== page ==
It took several weeks, but it seems that the pleas of the families of the schoolgirls kidnapped in Nigeria are no longer being ignored.
Nigerian terrorist group Boko Haram now has the world's attention. And with reports emerging that more schoolgirls have been abducted—adding to the 250 who are still missing—the pressure is mounting on local authorities to respond and act.
But now it seems that the prospect of victory or success in recovering the girls has further slipped away after Boko Haram's leader told the world this week that he would sell the kidnapped girls into marriage and slavery.
"God instructed me to sell them. They are his property, I will carry out his instructions," Abubakar Shekau was heard saying in a 57 minute video obtained by a French news organization. "I will sell them in the market by Allah."
Growing anger has finally provoked a response from the White House. Press Secretary Jay Carney said the U.S. is now assembling a team to be part of an international rescue effort.
"This is an outrage and a tragedy, and we are doing what we can to assist the Nigerian government to support its efforts to find and free the young women who were abducted," Carney said.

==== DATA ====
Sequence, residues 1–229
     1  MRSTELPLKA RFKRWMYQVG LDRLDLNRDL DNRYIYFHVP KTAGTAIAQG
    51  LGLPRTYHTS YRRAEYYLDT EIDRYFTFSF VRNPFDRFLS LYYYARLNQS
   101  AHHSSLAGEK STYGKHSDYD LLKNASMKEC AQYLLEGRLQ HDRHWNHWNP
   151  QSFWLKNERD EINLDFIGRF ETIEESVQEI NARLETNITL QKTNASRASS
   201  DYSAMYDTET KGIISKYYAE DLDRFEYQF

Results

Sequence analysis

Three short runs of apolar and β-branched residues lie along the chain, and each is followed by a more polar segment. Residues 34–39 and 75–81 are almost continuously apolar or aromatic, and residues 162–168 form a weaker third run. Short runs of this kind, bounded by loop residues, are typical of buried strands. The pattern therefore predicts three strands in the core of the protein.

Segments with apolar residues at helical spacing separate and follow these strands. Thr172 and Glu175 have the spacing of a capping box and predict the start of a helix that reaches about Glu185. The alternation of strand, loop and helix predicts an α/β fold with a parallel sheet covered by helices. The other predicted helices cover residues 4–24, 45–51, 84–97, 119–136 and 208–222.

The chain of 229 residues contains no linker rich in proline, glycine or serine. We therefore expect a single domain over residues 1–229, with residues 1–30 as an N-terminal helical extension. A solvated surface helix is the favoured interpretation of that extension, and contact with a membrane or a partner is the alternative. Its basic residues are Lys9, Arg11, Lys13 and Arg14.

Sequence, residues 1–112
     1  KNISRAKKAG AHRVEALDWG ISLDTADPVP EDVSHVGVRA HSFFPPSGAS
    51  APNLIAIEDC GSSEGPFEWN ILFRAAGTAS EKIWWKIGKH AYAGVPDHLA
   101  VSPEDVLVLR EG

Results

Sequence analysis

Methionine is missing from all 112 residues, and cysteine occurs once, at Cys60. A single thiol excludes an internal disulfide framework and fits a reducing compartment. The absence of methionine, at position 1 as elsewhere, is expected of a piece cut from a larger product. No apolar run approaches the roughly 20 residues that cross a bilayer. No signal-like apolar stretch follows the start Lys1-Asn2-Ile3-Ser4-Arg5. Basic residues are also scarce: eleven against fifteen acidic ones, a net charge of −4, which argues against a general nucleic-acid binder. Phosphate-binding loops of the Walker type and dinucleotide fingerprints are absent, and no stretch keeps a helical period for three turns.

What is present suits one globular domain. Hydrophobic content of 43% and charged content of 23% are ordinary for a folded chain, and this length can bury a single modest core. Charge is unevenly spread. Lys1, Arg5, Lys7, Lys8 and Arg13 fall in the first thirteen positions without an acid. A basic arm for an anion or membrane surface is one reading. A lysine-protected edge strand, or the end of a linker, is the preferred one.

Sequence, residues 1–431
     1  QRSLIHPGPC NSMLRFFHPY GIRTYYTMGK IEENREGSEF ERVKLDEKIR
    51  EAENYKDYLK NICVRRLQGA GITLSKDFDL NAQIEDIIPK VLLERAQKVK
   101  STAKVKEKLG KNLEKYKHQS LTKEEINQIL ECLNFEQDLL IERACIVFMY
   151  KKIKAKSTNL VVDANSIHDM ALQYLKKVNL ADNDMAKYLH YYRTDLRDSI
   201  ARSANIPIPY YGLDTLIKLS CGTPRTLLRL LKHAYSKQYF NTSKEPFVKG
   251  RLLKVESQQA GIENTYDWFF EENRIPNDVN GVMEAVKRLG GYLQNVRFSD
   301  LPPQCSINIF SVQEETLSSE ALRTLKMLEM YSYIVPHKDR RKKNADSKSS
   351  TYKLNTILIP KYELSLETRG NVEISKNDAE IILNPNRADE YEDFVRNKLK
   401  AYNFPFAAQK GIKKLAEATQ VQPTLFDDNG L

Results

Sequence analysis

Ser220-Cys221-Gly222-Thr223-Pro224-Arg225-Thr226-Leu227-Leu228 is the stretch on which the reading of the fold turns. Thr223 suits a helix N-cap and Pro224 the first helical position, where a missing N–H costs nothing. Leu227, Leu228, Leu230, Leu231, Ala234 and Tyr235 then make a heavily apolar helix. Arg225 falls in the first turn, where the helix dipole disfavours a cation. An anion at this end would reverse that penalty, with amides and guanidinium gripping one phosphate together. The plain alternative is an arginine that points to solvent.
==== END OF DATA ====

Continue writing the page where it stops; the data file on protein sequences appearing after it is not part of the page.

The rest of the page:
The U.S. response will include dispatching military and law enforcement personnel that are skilled in intelligence, investigations, hostage negotiating, information sharing and victim assistance, as well as officials with expertise in other areas.
Robin Renée Sanders is a former U.S. Ambassador to Nigeria and she's currently in Abuja, Nigeria. The city is the site of the World Economic Forum, and reports show that security is tight since Nigeria's President Goodluck Jonathan has ordered the capital closed while the forum is in session.
Ambassador Sanders says the abduction of the girls has been a distraction for the forum, but adds that it's important that the international community not buckle to threats from Boko Haram.